Mingus and the mostly mundane

Mingus, our oldest cat whom Xena treats as her kitten because he is also by far the smallest cat, has ongoing eye issues.  We generally have his eye medicine on hand.  His eyes don’t weep on the time, but when they get irritated, we put in eyedrops until they quiet down.  But recently the vet keeps telling me that his eye medicine is backordered.  We ran out of it, he was suffering, so I gave an ultimatum after a month of this; either the vet should prescribe a different medicine or give me the prescription and I’d find it on the internet.  The next day, I received a call that the medicine was at the Outer Cape Health Services pharmacy in Wellfleet where I get my own prescriptions.  But when we got there, they couldn’t find the drops under my name of Woody’s.  Finally we tried Mingus and yes, they had sent in a prescription under his name.  So now Mingus, my twelve year old pussy, has an account of his own at the pharmacy.  I’m sure he’d the only cat or dog in Wellfleet with his own account.  Now if he could only pay for his medicine

This week we took off the screens and screen doors and stowed them for the winter. We always leave a few in most rooms so that if we burn something or something smells or it gets too warm, we can open a window safely without any danger of the cats going out.

I’ve now dug the last dahlias, calla lilies and now I’m drying them before putting them in the storeroom till late spring.  I had followed instructions for saving my incredible elephant ears, but the storeroom was too warm and it came back to life and starting growing.  I had to pot it and see what happened. I don’t know if it needs to go dormant like some bulbs and corms, or if I can keep it happy, if it can survive inside.

I’m reading a book manuscript for a poet who this week had to flee with her partner and goats, only the clothes on their backs.  She lost her computer, everything.  Their house was destroyed by the Camp Fire that has killed some people already and destroyed innumerable houses and other buildings, including the town of Paradise where I gave a reading many years ago.  I remember they had to have septic systems above ground because under the houses were just solid rock. Fire is terrifying  I worry about in dry summers with so many tourists on the Cape who toss cigarettes out and barbeque without taking into consideration sparks and embers.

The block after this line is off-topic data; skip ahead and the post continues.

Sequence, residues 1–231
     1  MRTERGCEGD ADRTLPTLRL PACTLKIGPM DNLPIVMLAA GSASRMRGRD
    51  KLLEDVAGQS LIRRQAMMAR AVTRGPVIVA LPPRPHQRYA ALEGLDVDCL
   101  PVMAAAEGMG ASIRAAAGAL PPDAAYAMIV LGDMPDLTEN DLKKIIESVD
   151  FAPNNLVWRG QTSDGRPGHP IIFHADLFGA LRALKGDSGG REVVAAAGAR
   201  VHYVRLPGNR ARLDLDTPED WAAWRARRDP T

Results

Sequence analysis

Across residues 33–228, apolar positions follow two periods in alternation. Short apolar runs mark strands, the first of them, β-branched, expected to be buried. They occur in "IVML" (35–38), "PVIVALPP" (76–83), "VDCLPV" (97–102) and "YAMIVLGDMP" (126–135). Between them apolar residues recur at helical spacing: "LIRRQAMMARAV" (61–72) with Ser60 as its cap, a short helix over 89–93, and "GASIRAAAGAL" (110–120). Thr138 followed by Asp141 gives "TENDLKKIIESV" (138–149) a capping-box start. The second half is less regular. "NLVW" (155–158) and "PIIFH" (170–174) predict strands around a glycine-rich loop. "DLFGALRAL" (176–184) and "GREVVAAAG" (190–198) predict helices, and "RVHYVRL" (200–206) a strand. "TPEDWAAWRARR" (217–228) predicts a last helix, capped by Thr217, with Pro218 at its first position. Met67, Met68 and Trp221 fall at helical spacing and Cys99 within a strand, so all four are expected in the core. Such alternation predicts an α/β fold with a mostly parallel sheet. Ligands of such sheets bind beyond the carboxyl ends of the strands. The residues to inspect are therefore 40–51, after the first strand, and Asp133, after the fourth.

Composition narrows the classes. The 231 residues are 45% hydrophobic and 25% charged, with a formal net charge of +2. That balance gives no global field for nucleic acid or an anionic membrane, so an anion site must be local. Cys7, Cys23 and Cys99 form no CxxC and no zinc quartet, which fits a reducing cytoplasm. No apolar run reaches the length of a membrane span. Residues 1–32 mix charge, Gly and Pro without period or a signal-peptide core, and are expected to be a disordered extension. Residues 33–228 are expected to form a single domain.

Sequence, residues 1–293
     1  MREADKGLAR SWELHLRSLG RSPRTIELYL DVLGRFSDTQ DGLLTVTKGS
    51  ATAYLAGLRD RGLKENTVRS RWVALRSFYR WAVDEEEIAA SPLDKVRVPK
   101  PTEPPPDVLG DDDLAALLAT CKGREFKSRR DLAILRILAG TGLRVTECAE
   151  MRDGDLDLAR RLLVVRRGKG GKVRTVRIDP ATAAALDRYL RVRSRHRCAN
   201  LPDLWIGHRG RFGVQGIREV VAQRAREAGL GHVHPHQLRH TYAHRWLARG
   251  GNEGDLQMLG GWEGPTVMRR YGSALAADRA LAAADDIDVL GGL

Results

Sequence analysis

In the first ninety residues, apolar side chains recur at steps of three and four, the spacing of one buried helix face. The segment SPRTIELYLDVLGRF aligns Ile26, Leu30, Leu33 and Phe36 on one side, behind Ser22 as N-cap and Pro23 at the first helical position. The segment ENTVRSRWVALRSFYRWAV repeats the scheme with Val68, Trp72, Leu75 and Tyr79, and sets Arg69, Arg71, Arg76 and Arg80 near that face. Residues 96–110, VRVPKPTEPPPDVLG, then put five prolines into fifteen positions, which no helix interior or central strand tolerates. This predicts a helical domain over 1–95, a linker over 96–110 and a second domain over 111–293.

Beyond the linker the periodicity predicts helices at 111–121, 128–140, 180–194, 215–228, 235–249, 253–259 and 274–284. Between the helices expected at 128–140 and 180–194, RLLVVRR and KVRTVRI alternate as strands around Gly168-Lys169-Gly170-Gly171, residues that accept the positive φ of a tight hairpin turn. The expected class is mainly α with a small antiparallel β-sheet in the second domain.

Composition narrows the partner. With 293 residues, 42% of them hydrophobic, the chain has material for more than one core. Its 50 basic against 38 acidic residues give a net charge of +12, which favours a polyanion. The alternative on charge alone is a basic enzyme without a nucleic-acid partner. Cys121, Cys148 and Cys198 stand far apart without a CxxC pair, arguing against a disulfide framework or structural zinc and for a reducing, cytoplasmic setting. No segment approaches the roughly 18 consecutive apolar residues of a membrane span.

We did a  good amount of outdoor work this week.  Woody picked up all the hoses.  I dig the last of the tender summer bulbs and brought them in to store.  I did some last minute potting.  Kathleen finished stained the new windows.  The new stairway to the turnaround in front of the house makes it much easier to go down to the car or truck and much easier to load and unload.  The ease of getting up and down will help in the winter, especially, when the brick bathway and steps I created in 1971 collects ice on its unevenness.  Over the past decades, the bricks have tilted, sunk into the sandy ground.

I’m reading another novel by Peter Carey, the Australian writer.  I liked his history of the Kelly gang more than I like the one I’m reading now, OSCAR AND LUCINDA. But it’s interesting. Tonight, Ralph and Gigi and Dale and Stephen are coming over.  I’m making a braised lamb dish with potatoes, oranges and tomatoes.  Also guacamole.  Dale’s bringing dessert.  He makes great desserts.  Also bakery bread and salad from our garden.

I wrote a couple of poems this week.  Otherwise, beginning to deal with the mss. coming in for my annual juried intensive poetry workshop next June.  I don’t know how long I’ll keep doing the workshop, so if you’re interested, apply now.  All the instructions are on my website where you’re reading this.

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